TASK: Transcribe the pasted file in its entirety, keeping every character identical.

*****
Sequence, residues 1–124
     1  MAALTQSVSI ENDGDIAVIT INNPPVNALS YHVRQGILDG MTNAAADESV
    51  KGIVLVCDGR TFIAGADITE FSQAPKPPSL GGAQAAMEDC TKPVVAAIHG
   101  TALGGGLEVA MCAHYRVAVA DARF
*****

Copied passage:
Sequence, residues 1–124
     1  MAALTQSVSI ENDGDIAVIT INNPPVNALS YHVRQGILDG MTNAAADESV
    51  KGIVLVCDGR TFIAGADITE FSQAPKPPSL GGAQAAMEDC TKPVVAAIHG
   101  TALGGGLEVA MCAHYRVAVA DARF